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Response to jimfields33 (Reply #7)

Thu Dec 24, 2020, 08:16 PM

12. No, they don't have pieces of the crib in Italy

You should look up the ancient relic trade sometime.

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Response to jimfields33 (Reply #7)

Thu Dec 24, 2020, 08:29 PM

18. Religious relics have been a lucrative business

since the bible myth began. You can buy anything, even get it officially certified, authenticated, validated and suitably mounted for display. Ka-ching! Ka-ching! Ka-ching!

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Response to jimfields33 (Reply #7)

Thu Dec 24, 2020, 09:57 PM

25. "They have pieces of the crib in Italy."

Link, please.

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Response to edhopper (Original post)

Thu Dec 24, 2020, 07:47 PM

9. I'm just going to say that the way things are going I'd not be surprised to see a lot of babies

born in a barn, stall, or under an overpass. So, highly embellished as it might be, I guess we can start there.

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Response to edhopper (Original post)

Thu Dec 24, 2020, 07:51 PM

10. It makes more sense if it happened in 5 BCE

The astrologers were already agog about the triple conjunction of Saturn, Jupiter and Mars in 6 BC so the 5 BC comet is a perfect candidate for the Star of Bethlehem.

http://adsabs.harvard.edu/full/1991QJRAS..32..389H

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Response to TrogL (Reply #10)

Thu Dec 24, 2020, 08:21 PM

13. More like a remembered astrological event

was shoehorned into the story decades later. The Magi are one of the more fantastical parts of this myth.

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Response to TrogL (Reply #10)

Fri Dec 25, 2020, 05:02 PM

36. But Religious Scholars point out the Magi didn't visit until 2 to 5 years later

.... and gave no indication of the color of their skin.

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Response to edhopper (Original post)

Thu Dec 24, 2020, 07:58 PM

11. Trolling on a Christmas Eve! My favorite video o'the season!

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Response to marble falls (Reply #11)

Thu Dec 24, 2020, 08:22 PM

15. Hey I am just

"asking questions."

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Response to edhopper (Original post)

Thu Dec 24, 2020, 08:22 PM

14. Just start with the taxes and the mysticism falls apart.

Rome, as the ruling government, demands taxes and collecting their quotas is the responsibility of regional leaders.

Sure take a local census so the number of taxpayers in a given region who can be leveraged to the taxes that Rome demands. No local government leader is going to short change his Treasury and send a sizable chunk of his tax base off to another area so that governor can claim the taxes instead.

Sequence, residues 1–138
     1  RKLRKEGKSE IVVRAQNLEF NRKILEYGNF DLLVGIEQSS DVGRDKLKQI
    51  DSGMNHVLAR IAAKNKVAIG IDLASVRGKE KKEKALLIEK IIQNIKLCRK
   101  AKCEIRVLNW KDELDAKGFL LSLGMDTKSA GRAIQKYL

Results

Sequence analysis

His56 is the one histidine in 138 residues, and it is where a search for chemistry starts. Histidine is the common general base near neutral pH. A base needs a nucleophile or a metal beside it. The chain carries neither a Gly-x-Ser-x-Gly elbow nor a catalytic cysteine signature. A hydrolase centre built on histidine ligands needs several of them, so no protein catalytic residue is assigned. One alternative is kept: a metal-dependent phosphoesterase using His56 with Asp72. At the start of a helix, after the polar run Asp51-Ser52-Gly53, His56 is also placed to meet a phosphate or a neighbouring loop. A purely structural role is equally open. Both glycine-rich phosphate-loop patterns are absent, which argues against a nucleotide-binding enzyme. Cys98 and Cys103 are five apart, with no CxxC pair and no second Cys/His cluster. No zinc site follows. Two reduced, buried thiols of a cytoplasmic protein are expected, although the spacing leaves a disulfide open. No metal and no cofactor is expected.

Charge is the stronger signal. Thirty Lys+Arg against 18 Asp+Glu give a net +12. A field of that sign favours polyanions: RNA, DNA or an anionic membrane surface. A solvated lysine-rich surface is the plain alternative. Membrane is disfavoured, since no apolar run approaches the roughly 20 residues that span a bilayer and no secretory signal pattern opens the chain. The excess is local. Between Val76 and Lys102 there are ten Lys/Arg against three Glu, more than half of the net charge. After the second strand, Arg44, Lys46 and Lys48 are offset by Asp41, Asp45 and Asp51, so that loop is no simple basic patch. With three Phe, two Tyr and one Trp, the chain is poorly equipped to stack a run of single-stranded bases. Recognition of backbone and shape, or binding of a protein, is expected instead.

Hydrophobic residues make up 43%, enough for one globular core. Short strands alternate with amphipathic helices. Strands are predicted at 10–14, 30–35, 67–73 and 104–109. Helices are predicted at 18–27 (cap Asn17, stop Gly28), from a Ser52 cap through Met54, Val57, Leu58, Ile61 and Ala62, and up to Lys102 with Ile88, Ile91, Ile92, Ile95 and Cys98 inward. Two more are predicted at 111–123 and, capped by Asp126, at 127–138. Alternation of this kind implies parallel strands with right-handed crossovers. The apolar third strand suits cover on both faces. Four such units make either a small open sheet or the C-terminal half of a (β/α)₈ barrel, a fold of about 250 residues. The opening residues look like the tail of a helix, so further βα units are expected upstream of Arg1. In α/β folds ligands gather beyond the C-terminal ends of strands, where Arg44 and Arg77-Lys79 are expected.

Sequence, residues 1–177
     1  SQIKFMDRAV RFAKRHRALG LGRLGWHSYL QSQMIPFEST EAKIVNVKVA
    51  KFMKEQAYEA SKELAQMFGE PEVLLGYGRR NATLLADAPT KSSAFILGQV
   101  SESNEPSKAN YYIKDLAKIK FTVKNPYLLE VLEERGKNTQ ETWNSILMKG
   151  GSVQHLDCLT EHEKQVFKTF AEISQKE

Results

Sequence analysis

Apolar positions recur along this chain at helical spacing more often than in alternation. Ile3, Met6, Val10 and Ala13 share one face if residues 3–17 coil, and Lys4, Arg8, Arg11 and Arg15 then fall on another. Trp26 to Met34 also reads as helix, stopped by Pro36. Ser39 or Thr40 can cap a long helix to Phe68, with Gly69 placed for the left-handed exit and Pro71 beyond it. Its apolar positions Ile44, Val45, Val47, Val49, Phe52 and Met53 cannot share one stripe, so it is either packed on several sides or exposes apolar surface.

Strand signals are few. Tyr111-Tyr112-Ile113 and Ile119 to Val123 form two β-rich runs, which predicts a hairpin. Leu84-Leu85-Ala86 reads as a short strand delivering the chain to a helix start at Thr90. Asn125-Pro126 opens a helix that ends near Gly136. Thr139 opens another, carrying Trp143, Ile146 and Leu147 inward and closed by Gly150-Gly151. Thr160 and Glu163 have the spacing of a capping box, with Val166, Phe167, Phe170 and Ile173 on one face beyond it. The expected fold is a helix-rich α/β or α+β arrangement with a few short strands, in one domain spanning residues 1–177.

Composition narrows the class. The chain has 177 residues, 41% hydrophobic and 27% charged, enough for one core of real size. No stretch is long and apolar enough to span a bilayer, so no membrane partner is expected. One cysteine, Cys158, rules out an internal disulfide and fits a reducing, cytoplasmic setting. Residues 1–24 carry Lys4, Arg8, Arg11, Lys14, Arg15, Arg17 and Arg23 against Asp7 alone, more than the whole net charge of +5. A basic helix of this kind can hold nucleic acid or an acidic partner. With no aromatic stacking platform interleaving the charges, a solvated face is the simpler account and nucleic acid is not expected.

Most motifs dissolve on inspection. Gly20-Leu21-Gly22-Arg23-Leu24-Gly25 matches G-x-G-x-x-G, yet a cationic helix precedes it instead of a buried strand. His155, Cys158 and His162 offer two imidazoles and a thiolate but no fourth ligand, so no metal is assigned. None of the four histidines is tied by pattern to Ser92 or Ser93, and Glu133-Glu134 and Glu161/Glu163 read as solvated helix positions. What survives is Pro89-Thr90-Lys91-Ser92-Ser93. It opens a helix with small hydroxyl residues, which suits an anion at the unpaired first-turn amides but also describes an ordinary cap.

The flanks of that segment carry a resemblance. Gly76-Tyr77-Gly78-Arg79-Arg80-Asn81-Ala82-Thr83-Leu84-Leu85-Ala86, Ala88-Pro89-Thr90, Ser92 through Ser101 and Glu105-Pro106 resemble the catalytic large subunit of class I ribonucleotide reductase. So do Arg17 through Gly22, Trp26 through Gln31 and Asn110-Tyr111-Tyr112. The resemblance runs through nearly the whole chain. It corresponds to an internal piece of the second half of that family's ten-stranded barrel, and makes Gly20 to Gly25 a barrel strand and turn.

Just follow the money. Those ancient governments and their leaders were corrupt and took their cut off the top. So it was important to maintain a productive community that had enough income to live while still paying taxes without rebelling. No government would order the wholesale migration of an entire population when scribes could be easily and cheaply dispatched to make a headcount for a census without decimating the regional economy.

Since no one would be working if they are forced to migrate, there's no coin for the realm. There's no way to feed or house large numbers of migratory people in today's world, which makes it likely that it would be even worse in ancient times. A sudden influx of destitute people would crash any local community. Without work, no money for Rome's taxes, no money for the local leaders. No government would participate in such a ridiculous idea.

It all goes down hill from every point of fact.

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Response to edhopper (Original post)

Thu Dec 24, 2020, 08:40 PM

19. I still want to know where the gold went.

Yes, I can be a broken record at times.

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Response to edhopper (Original post)

Thu Dec 24, 2020, 09:07 PM

22. Of course not-- not any more than creation in 6 days, the Flood, or water into wine...

Most religions are built on myth, and Judeo-Christianity is no different. Myths exist to simplify concepts for the believers, as examples of moral or ethical concepts, or other things where facts are less important than the concepts the story illustrates.